Police are playing down reports they've changed their pursuit policy, saying it's just a rewording to ensure the existing policy is being applied consistently.
Stuff reported on Saturday police will no longer pursue drivers who are driving dangerously or fleeing for no apparent reason, and will only give chase if the threat "outweighs the risk of harm by the pursuit".
The news outlet cited an internal police email sent last week, calling for a culture change and more education for officers.
Police told Newshub a joint review with the Independent Police Conduct Authority last year found their policy is sound - but wasn't always being used consistently, or how it should be.
They said the overarching principle has been reworded to state a pursuit is only justified when the threat posed by the occupants, and the necessity to apprehend the driver or passengers, outweighs the risk of harm.
"The policy has been revised in line with that recommendation. There has been no change to the policy criteria for initiating a pursuit, there are no specific limitations," a spokesperson said.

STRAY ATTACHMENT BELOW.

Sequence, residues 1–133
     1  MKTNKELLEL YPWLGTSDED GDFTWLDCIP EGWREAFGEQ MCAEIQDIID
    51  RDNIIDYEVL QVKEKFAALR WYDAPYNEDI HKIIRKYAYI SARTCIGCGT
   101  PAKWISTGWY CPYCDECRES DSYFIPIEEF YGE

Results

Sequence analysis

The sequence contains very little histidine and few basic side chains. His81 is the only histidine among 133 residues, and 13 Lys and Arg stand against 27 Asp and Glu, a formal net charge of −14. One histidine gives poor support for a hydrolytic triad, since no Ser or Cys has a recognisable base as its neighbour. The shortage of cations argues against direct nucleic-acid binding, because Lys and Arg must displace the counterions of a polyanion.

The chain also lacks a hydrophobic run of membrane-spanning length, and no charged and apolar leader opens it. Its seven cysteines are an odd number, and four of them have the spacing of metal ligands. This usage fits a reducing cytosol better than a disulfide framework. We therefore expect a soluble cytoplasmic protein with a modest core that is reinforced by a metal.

The new wording is: "A pursuit is only justified when the threat posed by the vehicle occupants(s) prior to the pursuit commencing, and the necessity to immediately apprehend the driver and/or passenger(s), outweighs the risk of harm created by the pursuit."
Police said it was "about encouraging the right mindset and approach for all staff".
"We have always said we prefer our officers undertake enquiries rather than pursue a fleeing driver. So we have focused on our training. This slight rewording of the policy is recognising that we need to better articulate the intent of the policy so that every member has the opportunity to apply it consistently.
"Fleeing driver events are highly volatile and high-risk so police [are] focused on ensuring that our practice is what the public expect and deserve - one that puts safety first and foremost."
Police conduct about twice as many pursuits a year as they did 15 years ago. Around a fifth of all pursuits end in a crash. A survey in 2019 found almost all fleeing drivers are male, about half had been in jail before and two-thirds didn't have a current valid driving licence. Only a quarter involved stolen vehicles.